The Slave Mines of Vindicus the Terrible
A Level 0 Adventure for Barbarians of the Ruined Earth
Ruined Earth was born out of a near orbit cosmic catastrophe that nearly destroyed Earth more than two thousand years ago. In the wake of this catastrophe, life on Earth changed dramatically. In a post-apocalyptic mockery of modern Earth, a Sorcerer named Vindicus has risen to great power and cruelly subjugates others for his personal gain. Vindicus’s mooks abducted children, forcing them into slave labor at a mine under their cruel master’s fortress.
After a long and tiring shift of digging, the children find themselves locked in their cells for a rest. The crackle and hum of cheap halogen lightbulbs overhead and the buzz and whirring of distant machinery make it hard to fall asleep. Suddenly the lights flicker and go out. The cage door’s electromagnetic locks release, swinging open a few inches. Moments later, the power comes back on, restoring light in the room. The doors remain open. It’s time to make a run for it!
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The Slave Mines of Vindicus the Terrible is a 0-Level adventure for the Barbarians of the Ruined Earth roleplaying game (read our review), a post-apocalyptic fantasy game based on Black Hack by David Black. The Slave Mines of Vindicus the Terrible takes inspiration from the 1980s and early 1990s Saturday morning cartoons and the mine scenes from Indian Jones and the Temple of Doom. Mechanically and thematically, the adventure is also inspired by Dungeon Crawl Classics from Goodman Games. Those familiar with DCC character funnels will appreciate the nuanced influences seen here.
Rules of Engagement
DCC character funnels are an exciting way to create would-be heroes. During this character funnel adventure, players each control the actions of four 0-Level inexperienced children (or young teens) characters. Barbarians of the Ruined Earth does not have rules for character funnels, therefore, some rules have been adjusted to facilitate this adventure. Most notable are those associated with the characters themselves.
Characters for this adventure are kids with a total of four hits points. When they are reduced to zero hit points, they are assumed to be cinematically recaptured or otherwise out of the story. The children characters do not have Attributes. Instead, they have one Attribute-like rating—”Kid Luck”— which is used for all Tests. There is a 50-50 chance of success on all Tests, with opportunities for Advantage and Disadvantage dice rolls. Players may choose to be human or randomly roll their Race—Human, Beastman, or Vek. At the game’s end, each player will select one of their surviving kids to level up to level 1. All others become non-player characters or go off on new adventures.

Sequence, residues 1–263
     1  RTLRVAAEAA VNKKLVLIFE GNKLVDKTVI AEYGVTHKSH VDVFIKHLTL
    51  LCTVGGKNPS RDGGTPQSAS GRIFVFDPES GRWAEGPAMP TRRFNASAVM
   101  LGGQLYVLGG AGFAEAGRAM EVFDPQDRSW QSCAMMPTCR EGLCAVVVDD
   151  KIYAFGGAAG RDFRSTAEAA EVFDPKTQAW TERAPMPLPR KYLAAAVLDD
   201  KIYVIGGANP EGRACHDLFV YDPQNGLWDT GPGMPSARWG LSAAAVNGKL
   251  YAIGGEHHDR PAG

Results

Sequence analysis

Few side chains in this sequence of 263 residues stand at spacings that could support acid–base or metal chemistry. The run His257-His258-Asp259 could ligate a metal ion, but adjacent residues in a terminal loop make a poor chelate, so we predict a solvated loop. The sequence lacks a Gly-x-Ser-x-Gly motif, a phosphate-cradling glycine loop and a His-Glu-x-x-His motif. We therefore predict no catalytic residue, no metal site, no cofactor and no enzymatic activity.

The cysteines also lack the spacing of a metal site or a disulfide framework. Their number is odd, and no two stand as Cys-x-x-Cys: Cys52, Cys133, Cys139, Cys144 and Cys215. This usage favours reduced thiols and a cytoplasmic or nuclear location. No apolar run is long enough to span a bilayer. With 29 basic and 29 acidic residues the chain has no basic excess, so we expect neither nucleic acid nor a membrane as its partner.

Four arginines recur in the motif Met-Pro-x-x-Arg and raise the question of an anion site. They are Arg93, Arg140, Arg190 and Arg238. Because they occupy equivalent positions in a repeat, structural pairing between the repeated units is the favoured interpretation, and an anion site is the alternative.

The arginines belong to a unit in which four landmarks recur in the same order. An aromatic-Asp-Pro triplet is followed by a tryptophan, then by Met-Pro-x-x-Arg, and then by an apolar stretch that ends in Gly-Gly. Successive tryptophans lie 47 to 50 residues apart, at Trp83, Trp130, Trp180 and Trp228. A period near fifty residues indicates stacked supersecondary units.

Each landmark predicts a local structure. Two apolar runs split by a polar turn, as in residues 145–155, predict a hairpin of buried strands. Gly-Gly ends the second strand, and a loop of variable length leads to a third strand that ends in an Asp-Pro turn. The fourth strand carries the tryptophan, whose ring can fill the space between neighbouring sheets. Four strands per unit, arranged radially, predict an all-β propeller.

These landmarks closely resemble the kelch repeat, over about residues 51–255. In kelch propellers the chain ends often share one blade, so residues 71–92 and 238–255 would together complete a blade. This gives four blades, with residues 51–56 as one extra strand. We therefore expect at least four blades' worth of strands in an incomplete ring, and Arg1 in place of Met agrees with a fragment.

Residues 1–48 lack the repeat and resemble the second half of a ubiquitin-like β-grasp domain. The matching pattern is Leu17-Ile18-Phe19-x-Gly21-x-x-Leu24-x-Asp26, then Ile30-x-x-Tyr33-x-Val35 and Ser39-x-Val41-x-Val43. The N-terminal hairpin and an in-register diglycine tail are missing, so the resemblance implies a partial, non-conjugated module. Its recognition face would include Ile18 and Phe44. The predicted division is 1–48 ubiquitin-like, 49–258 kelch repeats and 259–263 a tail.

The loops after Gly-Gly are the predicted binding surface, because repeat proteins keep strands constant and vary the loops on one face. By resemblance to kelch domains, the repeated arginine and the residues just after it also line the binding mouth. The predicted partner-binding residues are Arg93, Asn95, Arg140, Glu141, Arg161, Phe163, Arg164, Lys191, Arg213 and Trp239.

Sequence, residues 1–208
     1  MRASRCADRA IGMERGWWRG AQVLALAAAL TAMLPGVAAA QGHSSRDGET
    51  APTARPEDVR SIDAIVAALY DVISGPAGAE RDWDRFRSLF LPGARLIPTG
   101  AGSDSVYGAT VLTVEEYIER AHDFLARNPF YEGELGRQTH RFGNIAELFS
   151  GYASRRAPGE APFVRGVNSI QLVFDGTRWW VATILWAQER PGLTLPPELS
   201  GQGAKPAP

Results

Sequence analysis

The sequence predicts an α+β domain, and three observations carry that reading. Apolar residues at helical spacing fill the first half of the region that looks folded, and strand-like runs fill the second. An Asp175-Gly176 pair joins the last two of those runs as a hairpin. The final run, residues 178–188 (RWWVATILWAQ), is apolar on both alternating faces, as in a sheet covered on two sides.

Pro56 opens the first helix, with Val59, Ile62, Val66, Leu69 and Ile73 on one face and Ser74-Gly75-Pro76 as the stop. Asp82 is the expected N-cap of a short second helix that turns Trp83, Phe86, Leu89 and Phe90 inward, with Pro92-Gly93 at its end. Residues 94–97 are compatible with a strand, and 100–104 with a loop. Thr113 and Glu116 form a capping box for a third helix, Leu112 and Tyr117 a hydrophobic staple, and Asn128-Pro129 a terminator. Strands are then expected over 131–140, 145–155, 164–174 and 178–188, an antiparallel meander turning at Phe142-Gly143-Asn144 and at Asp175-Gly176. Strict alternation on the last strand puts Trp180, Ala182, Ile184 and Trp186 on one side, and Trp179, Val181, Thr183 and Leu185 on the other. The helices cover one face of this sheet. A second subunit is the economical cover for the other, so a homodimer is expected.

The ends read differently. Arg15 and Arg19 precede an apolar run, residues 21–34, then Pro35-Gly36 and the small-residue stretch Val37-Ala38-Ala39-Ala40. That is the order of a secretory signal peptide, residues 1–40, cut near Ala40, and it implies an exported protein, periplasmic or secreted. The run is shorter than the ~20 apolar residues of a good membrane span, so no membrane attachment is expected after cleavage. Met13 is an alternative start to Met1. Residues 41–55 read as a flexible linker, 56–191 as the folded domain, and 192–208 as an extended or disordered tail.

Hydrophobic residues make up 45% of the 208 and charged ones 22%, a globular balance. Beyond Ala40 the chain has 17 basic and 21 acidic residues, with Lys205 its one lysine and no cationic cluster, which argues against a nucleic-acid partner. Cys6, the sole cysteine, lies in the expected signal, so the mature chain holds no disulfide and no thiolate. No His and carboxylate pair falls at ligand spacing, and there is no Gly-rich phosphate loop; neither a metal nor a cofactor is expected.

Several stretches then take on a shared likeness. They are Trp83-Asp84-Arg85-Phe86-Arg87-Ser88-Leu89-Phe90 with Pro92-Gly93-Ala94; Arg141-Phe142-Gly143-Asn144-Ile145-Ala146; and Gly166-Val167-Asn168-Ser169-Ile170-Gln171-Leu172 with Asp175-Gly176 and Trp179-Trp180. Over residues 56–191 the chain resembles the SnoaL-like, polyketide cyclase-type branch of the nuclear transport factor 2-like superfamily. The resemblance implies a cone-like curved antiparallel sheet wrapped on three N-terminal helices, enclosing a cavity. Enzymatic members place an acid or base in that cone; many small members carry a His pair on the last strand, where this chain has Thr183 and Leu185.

The last thing to note is the adventure entries’ format, keyed to the 23 locations on the isometric map. It relies on bullet points and color-coded boxes to denote the type of information, with the onus being on the Gamemaster to embellish as they see fit.
- White is for descriptions of things that are immediately apparent.
- Grey is for random Events or Sorcerer’s TV (a series of five location-specific timed events in which Vindicus broadcasts throughout the mines).
- Yellow is for additional information when the group actively looks around the area—it does not require a Test.
- Orange is for things that must be actively searched for, spotted, or interacted with to reveal—requires a Test.
The Slave Mines of Vindicus the Terrible is a colorful publication dominated by yellow and orange accents. Similar to the layout of Barbarians of the Ruined Earth, it uses a single column of text. The page layout and color scheme are quite easy on the eyes. The tinted boxes used in the room descriptions help categorize information for quick reference. The book measures 6.625″ x 10.25″; it will noticeably stand out on your shelf. It’s worth noting here that the book I received from DriveThruRPG included two copies of the adventure-bound into one book—I assume this is a one-off printing error.
Playing as kids (or young teens) presents unique challenges. It’s doubtful that the kids will be able to overpower most of the robots in the mines. Instead, players must think like a kid; how would a ten-year-old handle the situation?
I completely missed the “Level 0” on the cover when I first opened the book to read it. As a fan of DCC’s character funnels, I was excited to see it. Overall, the adventure is moderately challenging, and for a good reason. Funnels, by design, are meant to whittle down the total number of characters so that the player can easily decide which survivor goes on to become a first-level character.
I think Mike Evans captures the feel of his inspirational sources quite nicely and has hit the mark with this one. The adventure’s design takes me back to watching my favorite Saturday morning cartoons of yesteryear.
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